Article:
At Manchester City, Pep Guardiola still has another season left on his contract after this one.

The night that Klopp announced his departure, Guardiola confirmed he still wanted to do his final year, and even floated the possibility he might extend that deal. And yet it is hard to shake the suspicion he may at least consider following Klopp, especially if City win as much this season as they did last year.

And if that job does suddenly become open, De Zerbi and Postecoglou would surely be among the favourites, both of them established in the Premier League and with Guardiola-approved styles of play. (Postecoglou has already succeeded within the City Football Group network, having won the title in Japan with the multi-club stable’s Yokohama F Marinos.)

Beyond Liverpool, United and City, it is very difficult to know what the situation will be at Chelsea by the summer, and if we look abroad there are likely to be plenty of big vacancies — Xavi has already announced he will be leaving Barcelona. De Zerbi has been linked there, too. As he has also been to a few big Serie A jobs that may come up, including Napoli, a club he played for, AC Milan, where he started his career, and possibly even Roma.

But while speculation is inevitable, how likely is it that either man would leave his current job?

De Zerbi still has two years left on his contract, although he revealed in December that there are talks over a new one. While the Serie A clubs may struggle to afford him financially, if a richer side elsewhere in Europe makes De Zerbi their priority, it is hard to see them not paying the money to get him out of Brighton.

Postecoglou feels like a different story. He has effectively three years left on his deal after this one (two, plus an option) and there are no indications whatsoever that he is interested in looking away. In fact, the story of Postecoglou’s time at Spurs so far has been their growing power in the transfer market, as the club has been one of the very few so secure within the Premier League’s profit and sustainability rules that they could continue to spend in the January transfer window.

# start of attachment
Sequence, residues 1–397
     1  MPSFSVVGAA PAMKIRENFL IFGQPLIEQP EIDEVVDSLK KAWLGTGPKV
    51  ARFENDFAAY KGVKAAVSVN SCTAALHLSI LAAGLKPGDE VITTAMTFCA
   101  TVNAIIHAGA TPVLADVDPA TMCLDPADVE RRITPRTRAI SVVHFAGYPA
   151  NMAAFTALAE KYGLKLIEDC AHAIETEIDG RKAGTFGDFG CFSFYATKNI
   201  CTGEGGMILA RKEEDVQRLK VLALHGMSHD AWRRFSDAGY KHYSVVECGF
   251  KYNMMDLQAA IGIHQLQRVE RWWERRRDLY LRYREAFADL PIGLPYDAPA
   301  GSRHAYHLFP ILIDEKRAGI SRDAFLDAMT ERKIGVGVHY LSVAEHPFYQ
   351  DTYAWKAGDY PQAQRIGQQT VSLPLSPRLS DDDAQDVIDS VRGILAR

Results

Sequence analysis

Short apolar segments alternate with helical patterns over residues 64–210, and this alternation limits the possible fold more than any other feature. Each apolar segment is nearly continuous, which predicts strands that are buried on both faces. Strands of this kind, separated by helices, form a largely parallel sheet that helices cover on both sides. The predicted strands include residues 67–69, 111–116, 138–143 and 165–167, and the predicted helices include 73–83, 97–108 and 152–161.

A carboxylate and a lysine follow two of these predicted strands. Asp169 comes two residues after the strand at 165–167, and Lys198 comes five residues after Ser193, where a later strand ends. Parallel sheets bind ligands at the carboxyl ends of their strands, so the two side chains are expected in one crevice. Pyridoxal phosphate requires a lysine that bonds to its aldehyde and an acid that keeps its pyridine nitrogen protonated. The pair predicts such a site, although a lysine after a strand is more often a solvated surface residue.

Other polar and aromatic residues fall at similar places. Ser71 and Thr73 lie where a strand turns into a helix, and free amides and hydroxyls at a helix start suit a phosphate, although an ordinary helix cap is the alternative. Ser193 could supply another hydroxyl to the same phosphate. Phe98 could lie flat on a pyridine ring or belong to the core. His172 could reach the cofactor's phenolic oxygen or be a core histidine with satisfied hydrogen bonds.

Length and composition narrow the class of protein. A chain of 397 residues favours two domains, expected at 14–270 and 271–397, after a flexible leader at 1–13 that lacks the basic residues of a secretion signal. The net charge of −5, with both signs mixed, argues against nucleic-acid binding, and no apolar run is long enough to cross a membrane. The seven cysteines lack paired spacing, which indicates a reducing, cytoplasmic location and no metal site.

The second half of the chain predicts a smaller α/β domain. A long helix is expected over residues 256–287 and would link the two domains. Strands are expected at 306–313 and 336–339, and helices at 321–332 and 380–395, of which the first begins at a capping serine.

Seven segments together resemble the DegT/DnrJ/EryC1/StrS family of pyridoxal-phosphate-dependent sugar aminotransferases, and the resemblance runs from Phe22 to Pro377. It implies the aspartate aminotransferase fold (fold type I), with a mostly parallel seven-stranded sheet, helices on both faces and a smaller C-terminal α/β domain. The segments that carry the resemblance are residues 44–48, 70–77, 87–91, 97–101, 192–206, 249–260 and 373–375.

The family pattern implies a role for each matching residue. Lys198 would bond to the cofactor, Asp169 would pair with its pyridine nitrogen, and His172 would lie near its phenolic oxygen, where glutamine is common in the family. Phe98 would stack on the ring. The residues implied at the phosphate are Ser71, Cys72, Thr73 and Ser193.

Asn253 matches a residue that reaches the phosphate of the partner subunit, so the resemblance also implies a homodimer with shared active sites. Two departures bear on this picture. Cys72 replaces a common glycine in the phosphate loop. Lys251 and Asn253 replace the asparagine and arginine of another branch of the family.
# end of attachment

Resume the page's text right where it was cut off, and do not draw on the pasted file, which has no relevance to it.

Tottenham currently look more able to punch their weight in the market than ever before, and Postecoglou knows he is assembling an exciting team for the future. Last week, he mentioned the examples of Micky van de Ven, Pape Sarr and Destiny Udogie, all first-choice players in their early twenties, and spoke of his hope that young players from across Europe can see what he is building in north London.

With a young, hungry squad and the club in a strong position financially, Spurs look better set for the next few years than many of their rivals. (Contrast their situation with that of Brighton, where the policy of selling players to make money will eventually put a limit on how much they can achieve in the league.)

So while people have to be prepared for speculation, the chances of Postecoglou not being at Tottenham next season feel statistically minimal in the extreme. And even if he was hypothetically interested in a move elsewhere, the chance of chairman Daniel Levy sanctioning it would be absolutely zero.

In June 2018, Pochettino was interested in talking to Real Madrid, where Zinedine Zidane had surprisingly quit. But Pochettino had just signed a new contract with no release clause, and so he was reliant on Levy and Madrid president Florentino Perez doing a deal.

Perez called up Levy, hoping that it would be a smooth negotiation and he would emerge with a new manager. Levy told him the price would be Marco Asensio. And Mateo Kovacic. And £100million. The conversation was over.

Madrid appointed then Spain head coach Julen Lopetegui instead.

(Top photo: Julian Finney/Getty Images)